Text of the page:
Follow-on biologics: data exclusivity and the balance between innovation and competition


Legislation to create a regulatory pathway for follow-on biologics is currently being considered by the United States Congress. A critical issue in this respect is the period of data exclusivity for innovator companies before a follow-on competitor can rely in part on data obtained for an original biologic for an abbreviated approval. Given the nature of patents on biologics, the period of data exclusivity is anticipated to have a key role in determining how quickly follow-on competitors emerge, and consequently also on the time available for originator companies to recoup their investment. With this issue in mind, this article discusses factors influencing return on investment on biologic research and development. A break-even analysis for a representative portfolio of biologics provides support for a substantial data exclusivity period.

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Figure 1: Clinical development and approval times for chemical drugs and biologics.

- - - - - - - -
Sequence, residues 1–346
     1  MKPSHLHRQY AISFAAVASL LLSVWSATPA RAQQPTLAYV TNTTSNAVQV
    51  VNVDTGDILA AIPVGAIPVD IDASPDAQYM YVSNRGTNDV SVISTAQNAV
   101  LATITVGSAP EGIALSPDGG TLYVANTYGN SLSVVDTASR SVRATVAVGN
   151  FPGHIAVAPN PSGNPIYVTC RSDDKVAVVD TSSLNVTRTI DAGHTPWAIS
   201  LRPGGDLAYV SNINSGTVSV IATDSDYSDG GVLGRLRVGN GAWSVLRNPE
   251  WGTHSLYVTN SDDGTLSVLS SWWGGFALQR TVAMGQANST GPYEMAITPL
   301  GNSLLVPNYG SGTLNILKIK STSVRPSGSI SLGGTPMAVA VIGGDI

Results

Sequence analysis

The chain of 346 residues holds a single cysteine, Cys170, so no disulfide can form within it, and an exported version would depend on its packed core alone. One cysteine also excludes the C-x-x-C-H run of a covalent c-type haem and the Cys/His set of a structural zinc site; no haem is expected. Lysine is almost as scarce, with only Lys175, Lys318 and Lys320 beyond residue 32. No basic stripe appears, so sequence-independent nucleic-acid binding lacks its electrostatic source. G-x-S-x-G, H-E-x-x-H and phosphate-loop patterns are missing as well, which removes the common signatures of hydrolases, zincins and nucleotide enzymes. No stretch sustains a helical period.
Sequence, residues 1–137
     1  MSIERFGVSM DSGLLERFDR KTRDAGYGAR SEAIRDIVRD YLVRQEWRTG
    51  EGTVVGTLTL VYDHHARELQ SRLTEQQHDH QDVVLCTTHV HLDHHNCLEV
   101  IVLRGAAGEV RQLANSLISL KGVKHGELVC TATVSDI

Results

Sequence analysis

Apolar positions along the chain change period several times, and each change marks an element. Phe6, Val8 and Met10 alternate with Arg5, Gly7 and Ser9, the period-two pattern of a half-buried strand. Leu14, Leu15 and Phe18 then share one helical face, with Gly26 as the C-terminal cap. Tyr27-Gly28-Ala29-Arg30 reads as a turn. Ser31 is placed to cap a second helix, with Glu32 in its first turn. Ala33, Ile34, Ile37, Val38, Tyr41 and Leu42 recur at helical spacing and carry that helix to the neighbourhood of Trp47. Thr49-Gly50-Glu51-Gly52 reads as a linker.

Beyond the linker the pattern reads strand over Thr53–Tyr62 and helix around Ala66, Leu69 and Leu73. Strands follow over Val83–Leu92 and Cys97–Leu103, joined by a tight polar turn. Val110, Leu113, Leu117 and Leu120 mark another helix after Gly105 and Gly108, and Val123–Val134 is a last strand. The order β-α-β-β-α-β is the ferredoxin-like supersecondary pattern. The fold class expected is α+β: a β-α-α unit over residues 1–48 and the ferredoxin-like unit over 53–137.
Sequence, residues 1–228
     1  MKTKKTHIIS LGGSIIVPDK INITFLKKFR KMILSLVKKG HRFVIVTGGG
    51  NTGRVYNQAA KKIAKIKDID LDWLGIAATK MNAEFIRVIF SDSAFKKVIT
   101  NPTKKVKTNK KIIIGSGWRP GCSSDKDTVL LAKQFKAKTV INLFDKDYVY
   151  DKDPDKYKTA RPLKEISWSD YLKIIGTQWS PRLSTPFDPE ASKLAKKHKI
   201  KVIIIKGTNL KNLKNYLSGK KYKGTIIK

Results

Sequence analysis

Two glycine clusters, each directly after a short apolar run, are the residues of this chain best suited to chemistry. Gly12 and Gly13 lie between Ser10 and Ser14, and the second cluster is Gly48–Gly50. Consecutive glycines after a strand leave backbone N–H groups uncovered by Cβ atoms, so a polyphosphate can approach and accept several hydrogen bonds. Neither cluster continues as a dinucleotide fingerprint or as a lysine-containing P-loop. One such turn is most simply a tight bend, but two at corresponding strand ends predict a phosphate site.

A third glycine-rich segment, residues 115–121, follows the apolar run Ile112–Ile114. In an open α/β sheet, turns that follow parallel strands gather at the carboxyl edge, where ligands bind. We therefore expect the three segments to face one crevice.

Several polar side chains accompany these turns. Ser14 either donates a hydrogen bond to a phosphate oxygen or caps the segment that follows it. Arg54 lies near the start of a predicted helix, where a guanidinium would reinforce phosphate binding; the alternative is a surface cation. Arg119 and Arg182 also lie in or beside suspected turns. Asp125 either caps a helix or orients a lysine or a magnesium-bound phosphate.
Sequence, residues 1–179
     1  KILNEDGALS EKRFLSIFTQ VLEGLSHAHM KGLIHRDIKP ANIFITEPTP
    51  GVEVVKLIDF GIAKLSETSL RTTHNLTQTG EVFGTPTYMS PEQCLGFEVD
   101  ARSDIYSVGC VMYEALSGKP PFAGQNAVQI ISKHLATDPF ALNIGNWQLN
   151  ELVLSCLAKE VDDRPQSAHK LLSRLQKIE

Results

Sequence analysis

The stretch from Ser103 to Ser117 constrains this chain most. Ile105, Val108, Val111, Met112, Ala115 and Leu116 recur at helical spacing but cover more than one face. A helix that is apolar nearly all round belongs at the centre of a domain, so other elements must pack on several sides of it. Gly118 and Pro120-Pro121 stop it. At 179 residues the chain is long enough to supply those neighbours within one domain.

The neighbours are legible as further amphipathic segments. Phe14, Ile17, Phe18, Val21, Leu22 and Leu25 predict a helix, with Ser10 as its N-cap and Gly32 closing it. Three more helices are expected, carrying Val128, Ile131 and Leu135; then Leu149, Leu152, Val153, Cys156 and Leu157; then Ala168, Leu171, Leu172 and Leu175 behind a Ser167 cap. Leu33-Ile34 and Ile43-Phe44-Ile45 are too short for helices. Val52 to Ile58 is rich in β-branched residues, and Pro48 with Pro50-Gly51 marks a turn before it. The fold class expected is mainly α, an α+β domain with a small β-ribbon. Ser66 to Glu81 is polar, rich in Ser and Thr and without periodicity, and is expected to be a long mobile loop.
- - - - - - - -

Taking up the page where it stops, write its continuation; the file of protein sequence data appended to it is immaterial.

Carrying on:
Figure 2: Development times for new protein therapeutics.
Figure 3: Cumulative present value of cash flow versus R&D investment for the mean new chemical drug introduced between 1980 and 1984.
Figure 4: Model portfolio based on sales distribution for established biological products.
Figure 5: Life-cycle profile for the mean product in the model biologic portfolio.
Figure 6: Break-even lifetimes for new biological entities.


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This research was supported in part by grants from the Pharmaceutical Research and Manufacturers of America, and the Duke University Program in Pharmaceuticals and Health Economics. The design, analysis and composition of the manuscript were conducted independently by me, and I am responsible for any errors. Early versions of this paper were presented at various forums, including the National Academy of Sciences Committee on Science Technology and Law, the Congressional Budget Office, the American Enterprise Institute, the Duke Clinical Research Institute, and the National Consumers League. I wish to thank G. Long and D. Ridley in particular for helpful comments.

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H.G. is Director of the Program in Pharmaceuticals and Health Economics, which receives funding support from foundations, health-sector companies and government agencies.

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Grabowski, H. Follow-on biologics: data exclusivity and the balance between innovation and competition. Nat Rev Drug Discov 7, 479–488 (2008).

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